Dynamic Trade, Endogenous Institutions and the Colonization of Hong Kong: A Staged Development Framework
To explore the interplays between trade and institutions, we construct a staged development framework with multi-period discrete choices to study the colonization of Hong Kong, which served to facilitate the trade of several agricultural and manufactured products, including opium, between Britain and China. Based on the historical data and documents that we collected from limited sources, we design our dynamic trade model to capture several key features of the colonization process and use it to characterize the endogenous transition from the pre-Opium War era, to the post-Opium War era and then to the post-opium trade era, which span the period 1773-1933. We show that while the low opium trading cost and the high warfare cost initially postponed any military action, the high valuation of the total volume of bilateral trade, the rising opium trading cost and the anticipated increase in the demand for opium eventually led the British government to declare the Opium Wars, legalizing opium trade via the colonial Hong Kong. We also show that, in response to a drastic drop in opium demand and a rising opium trading cost, it became optimal for the British government to abandon opium trade soon after the founding of the Republic of China.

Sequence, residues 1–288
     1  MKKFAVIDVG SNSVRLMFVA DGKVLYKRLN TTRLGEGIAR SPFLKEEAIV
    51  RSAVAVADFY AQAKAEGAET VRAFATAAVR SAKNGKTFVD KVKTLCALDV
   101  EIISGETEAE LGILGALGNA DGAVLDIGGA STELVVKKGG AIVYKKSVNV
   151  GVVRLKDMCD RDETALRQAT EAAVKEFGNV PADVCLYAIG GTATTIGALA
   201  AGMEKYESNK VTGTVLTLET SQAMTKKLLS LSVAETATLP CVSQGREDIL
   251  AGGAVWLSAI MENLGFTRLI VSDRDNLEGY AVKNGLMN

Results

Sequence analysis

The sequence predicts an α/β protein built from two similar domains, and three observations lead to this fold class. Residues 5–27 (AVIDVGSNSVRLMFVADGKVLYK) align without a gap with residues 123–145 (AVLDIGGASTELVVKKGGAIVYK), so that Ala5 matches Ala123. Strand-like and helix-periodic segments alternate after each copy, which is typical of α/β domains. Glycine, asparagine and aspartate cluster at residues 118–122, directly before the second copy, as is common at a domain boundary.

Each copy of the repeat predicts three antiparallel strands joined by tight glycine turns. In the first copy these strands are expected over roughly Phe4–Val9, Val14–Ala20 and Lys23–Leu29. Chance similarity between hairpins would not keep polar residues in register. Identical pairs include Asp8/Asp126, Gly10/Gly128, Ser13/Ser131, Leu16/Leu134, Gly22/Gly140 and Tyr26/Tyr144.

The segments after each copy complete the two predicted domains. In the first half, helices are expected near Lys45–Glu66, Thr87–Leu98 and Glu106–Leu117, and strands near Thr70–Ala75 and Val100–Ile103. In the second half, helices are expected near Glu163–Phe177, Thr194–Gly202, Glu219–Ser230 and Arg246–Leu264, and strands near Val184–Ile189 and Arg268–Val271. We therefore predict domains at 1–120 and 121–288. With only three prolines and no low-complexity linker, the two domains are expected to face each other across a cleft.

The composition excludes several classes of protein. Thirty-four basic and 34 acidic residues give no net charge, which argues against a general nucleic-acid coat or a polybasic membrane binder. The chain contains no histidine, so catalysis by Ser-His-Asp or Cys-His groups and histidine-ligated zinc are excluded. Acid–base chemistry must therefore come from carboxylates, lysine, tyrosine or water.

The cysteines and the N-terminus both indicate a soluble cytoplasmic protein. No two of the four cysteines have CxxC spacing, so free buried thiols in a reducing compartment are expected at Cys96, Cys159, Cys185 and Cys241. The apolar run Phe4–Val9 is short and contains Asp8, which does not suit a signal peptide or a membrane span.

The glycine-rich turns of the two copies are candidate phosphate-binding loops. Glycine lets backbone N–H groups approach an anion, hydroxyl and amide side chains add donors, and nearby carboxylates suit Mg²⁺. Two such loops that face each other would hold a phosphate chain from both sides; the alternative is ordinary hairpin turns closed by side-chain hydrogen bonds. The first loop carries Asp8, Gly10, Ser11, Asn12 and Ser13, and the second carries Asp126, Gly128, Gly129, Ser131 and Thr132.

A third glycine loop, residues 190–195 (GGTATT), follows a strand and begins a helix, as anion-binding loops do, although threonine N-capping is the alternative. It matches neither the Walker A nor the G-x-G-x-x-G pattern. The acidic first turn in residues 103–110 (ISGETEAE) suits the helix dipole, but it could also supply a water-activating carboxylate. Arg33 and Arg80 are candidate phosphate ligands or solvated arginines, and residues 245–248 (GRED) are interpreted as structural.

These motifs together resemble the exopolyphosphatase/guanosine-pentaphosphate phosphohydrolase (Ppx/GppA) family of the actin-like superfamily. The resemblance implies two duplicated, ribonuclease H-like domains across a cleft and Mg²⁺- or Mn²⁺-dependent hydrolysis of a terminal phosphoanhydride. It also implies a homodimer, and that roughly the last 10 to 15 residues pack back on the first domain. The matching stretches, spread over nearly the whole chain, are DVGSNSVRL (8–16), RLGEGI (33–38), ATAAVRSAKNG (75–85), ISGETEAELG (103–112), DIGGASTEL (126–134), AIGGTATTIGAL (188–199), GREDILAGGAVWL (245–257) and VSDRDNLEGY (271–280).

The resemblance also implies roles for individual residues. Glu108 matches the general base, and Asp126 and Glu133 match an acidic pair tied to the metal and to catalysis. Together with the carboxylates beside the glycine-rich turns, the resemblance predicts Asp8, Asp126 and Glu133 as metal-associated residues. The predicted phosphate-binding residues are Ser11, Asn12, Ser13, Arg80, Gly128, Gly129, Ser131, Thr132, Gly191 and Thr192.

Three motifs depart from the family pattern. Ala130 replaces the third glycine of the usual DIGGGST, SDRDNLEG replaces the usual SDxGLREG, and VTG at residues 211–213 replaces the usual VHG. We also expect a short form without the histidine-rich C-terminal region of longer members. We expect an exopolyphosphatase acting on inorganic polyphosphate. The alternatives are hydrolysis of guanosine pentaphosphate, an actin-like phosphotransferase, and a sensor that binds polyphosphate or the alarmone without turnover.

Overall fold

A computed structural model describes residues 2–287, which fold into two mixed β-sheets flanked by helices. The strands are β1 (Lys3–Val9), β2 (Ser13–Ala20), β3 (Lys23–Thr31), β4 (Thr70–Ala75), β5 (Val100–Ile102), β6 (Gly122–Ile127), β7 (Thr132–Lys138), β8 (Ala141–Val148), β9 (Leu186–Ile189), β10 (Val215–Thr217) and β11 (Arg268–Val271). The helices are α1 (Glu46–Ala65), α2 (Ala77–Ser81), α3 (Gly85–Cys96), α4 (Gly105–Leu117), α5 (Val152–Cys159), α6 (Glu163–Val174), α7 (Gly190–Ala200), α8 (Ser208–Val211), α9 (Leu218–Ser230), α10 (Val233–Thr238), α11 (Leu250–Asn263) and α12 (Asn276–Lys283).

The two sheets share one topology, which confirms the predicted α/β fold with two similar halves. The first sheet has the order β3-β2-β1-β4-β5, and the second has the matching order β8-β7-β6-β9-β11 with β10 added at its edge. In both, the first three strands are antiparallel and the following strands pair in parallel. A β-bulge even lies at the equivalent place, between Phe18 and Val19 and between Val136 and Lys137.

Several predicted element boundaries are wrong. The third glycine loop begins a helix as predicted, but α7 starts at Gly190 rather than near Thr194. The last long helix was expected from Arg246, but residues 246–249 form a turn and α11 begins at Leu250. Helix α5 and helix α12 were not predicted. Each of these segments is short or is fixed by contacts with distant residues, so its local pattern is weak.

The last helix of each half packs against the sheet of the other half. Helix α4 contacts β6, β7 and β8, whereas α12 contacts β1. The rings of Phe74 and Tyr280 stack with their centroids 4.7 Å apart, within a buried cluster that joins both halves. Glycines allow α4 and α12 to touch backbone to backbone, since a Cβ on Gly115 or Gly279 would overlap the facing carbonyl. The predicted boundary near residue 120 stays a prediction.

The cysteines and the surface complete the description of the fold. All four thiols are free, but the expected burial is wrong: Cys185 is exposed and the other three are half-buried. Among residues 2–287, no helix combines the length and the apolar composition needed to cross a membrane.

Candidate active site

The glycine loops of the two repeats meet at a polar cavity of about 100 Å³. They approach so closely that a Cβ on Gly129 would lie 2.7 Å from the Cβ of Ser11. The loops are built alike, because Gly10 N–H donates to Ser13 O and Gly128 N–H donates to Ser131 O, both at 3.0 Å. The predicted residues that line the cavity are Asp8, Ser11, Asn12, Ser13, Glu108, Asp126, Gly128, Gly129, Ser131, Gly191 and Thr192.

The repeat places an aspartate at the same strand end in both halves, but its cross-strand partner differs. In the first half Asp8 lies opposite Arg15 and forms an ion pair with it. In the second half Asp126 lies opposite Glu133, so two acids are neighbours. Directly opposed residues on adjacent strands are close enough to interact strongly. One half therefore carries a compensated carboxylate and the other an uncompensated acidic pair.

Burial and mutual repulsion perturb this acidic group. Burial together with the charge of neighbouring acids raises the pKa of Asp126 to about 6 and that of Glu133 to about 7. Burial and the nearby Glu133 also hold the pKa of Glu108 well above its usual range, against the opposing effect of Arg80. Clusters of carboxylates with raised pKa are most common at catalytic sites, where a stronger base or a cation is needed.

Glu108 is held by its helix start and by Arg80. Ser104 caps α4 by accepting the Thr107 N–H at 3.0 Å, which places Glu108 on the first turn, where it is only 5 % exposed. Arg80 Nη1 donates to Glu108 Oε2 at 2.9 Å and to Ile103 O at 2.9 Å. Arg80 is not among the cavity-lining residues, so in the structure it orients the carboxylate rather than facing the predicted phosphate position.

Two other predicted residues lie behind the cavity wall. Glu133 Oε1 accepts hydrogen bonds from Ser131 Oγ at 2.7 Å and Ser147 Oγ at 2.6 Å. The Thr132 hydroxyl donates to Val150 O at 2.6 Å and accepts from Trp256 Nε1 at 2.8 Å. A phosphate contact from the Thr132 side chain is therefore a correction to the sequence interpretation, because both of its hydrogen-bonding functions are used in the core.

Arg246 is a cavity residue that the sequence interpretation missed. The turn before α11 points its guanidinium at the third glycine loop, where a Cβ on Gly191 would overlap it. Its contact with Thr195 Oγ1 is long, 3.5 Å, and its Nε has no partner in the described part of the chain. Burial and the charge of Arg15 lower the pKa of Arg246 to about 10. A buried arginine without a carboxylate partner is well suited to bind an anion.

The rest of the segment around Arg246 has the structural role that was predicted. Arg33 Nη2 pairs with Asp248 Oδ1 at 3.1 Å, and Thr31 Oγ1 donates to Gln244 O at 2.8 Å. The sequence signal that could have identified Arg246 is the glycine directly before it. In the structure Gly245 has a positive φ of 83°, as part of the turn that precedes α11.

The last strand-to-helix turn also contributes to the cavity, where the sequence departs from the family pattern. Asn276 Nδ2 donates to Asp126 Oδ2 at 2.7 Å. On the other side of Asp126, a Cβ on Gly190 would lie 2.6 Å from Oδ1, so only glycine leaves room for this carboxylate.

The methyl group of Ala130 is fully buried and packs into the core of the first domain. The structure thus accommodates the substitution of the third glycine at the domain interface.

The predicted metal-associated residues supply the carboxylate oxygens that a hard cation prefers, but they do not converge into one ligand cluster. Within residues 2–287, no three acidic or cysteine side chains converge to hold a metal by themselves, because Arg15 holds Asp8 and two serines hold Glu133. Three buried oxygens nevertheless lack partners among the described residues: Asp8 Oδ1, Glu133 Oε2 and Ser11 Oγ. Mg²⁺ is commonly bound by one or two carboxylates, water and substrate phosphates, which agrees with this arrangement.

We thank Ying Bai for sharing his data on opium trade. We are grateful for valuable comments and suggestions to Rick Bond, Mario Crucini, Gerhard Glomm, Boyan Jovanovic, Derek Laing, Douglass North, Pietro Peretto and Ray Riezman, as well as participants of the Summer Meetings of the Econometric Society and the Midwest Macro Meetings. Financial support from Academia Sinica, the Chinese University of Hong Kong, and the National Science Council (NSC 98-2911-H-001-001), which enabled this international collaboration, is gratefully acknowledged. Jian Tang, Long Ho Wong and Jianpo Xue provided excellent research assistance. Needless to say, the usual disclaimer applies. The views expressed herein are those of the authors and do not necessarily reflect the views of the National Bureau of Economic Research.